Hi! I'm an applied scientist at Amazon working on visual search. Before that, I was a research associate at Stanford, working with Shreyas Vasanawala and John Pauly on computational medical imaging.
I did my undergrad (2013) and PhD (2018) at UC Berkeley, where I had the pleasure to work with Miki Lustig for many years.
In my Berkeley days, I have also collaborated with Kannan Ramchandran on sparse FFT algorithms. And I did a wonderful summer internship with Peyman Milanfar at Google on kernel methods.

I am generally interested in data science, signal processing, and computational imaging. A lot of my projects involve recoverying high dimensional data from corrupted and underdetermined systems. Motivated by such problems, I have developed sparse data representations, fast iterative algorithms, and open source high performance software packages. Please see below for an overview of my projects!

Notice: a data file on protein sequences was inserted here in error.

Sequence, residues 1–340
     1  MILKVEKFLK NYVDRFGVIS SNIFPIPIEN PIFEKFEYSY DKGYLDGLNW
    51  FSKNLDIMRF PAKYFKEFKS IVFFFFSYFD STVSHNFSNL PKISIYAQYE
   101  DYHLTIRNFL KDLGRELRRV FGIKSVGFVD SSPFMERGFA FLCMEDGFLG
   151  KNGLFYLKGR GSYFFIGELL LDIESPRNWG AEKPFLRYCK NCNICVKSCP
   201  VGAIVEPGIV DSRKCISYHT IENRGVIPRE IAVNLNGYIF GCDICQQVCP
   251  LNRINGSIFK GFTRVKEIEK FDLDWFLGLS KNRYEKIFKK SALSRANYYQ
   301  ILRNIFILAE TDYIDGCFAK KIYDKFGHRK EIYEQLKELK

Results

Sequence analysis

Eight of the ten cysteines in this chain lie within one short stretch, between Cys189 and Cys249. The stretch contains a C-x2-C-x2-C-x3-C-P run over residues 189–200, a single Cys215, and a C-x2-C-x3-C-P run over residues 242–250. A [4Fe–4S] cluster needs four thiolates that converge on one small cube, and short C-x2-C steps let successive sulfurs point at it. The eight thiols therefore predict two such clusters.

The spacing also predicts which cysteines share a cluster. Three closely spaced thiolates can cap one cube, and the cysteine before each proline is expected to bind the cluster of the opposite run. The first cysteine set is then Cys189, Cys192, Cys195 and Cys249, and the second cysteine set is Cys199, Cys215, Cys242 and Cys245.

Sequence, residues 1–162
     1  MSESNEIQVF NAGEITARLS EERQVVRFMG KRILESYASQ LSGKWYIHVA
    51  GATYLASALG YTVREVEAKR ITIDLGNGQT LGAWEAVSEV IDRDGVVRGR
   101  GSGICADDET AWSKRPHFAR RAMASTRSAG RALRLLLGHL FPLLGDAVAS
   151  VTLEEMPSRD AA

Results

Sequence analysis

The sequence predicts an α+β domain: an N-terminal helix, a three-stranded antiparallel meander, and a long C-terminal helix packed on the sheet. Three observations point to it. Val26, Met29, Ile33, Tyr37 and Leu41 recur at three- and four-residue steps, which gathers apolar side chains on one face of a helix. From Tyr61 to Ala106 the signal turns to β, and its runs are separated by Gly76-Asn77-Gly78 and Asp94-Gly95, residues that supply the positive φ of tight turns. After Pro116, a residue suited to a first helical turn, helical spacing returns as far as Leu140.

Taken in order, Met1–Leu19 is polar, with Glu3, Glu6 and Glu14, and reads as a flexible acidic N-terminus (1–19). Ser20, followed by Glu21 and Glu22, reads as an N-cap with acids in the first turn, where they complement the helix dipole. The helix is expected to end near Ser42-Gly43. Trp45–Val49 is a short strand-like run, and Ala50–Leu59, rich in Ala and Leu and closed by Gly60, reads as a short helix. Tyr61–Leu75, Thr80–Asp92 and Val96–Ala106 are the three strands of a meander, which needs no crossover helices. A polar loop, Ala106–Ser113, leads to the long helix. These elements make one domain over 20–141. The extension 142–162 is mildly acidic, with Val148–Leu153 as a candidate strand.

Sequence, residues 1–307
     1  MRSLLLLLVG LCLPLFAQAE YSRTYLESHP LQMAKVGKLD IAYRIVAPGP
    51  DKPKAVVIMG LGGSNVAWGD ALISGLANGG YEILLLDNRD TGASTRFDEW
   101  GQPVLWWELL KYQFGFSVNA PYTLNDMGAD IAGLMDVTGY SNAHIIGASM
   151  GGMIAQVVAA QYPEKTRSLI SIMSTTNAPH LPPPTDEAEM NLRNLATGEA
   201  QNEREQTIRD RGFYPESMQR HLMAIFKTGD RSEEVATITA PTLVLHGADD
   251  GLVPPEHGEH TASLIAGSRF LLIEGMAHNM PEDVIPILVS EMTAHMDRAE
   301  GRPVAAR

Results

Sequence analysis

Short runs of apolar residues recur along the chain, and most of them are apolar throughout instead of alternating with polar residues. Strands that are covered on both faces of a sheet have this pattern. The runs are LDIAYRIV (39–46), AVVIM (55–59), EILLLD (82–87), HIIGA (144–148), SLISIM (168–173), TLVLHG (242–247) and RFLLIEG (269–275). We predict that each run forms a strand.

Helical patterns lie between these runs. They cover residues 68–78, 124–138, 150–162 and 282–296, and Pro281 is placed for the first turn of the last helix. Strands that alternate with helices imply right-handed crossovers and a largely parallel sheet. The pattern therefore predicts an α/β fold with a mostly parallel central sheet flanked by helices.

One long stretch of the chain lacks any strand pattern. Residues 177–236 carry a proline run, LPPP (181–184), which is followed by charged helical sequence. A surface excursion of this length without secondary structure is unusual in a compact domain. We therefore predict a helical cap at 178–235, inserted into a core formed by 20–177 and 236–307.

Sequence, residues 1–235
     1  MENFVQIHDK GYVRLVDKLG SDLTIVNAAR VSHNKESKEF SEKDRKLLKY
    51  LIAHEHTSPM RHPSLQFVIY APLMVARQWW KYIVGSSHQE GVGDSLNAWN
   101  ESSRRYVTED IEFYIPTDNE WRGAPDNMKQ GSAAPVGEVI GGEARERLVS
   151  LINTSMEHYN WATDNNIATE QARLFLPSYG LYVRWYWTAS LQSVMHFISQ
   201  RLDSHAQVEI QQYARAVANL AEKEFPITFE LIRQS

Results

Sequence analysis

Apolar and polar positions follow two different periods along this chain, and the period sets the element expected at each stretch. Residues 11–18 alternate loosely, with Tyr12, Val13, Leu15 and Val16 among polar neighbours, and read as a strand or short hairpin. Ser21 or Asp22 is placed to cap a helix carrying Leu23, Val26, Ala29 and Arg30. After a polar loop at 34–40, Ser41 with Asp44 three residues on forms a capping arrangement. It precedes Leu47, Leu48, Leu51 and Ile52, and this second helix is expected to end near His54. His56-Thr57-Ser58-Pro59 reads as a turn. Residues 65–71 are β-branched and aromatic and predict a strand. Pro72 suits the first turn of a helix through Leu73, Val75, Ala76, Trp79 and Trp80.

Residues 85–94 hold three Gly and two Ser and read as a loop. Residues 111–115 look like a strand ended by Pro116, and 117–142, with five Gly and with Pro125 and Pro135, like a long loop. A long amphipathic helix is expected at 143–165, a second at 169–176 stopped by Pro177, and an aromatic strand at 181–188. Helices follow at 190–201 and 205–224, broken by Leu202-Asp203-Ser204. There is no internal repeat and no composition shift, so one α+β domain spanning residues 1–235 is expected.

with Xucheng Zhu, Joseph Cheng, Kevin Johnson, Peder Larson, Shreyas Vasanawala, and Miki Lustig

This project develops a framework to reconstruct large-scale volumetric dynamic MRI from rapid continuous and non-gated acquisitions. The problem considered here requires recovering ~100GBs of data from a few GBs of measurements. We propose two innovations: (1) A compressed representation using multi-scale low rank matrix factorization. (2) Stochastic optimization to reduce computation. We demonstrate the feasibility of the proposed method on DCE and pulmonary imaging.

with Chris Sandino, Sri Koundinyan, Ke Wang, and Miki Lustig

SigPy is a Python package for signal processing, with emphasis on iterative methods. It is built to operate directly on NumPy arrays on CPU and CuPy arrays on GPU. SigPy provides several domain-specific submodules: sigpy.plot for multi-dimensional array plotting, sigpy.mri for MRI iterative reconstruction, and sigpy.learn for machine learning.

with Martin Uecker, and Miki Lustig